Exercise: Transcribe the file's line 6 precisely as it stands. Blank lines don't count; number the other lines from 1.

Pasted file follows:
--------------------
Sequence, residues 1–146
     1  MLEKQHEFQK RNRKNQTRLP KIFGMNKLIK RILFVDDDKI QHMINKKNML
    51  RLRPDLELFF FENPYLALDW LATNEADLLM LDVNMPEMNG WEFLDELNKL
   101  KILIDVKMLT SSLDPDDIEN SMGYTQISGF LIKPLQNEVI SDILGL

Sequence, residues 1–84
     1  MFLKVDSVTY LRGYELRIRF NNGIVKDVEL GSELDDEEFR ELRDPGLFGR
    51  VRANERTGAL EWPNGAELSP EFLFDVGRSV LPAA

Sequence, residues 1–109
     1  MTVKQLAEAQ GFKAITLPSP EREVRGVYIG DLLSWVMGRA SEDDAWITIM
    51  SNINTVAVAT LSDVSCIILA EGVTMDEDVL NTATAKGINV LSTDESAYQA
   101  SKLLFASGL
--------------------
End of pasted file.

     1  MFLKVDSVTY LRGYELRIRF NNGIVKDVEL GSELDDEEFR ELRDPGLFGR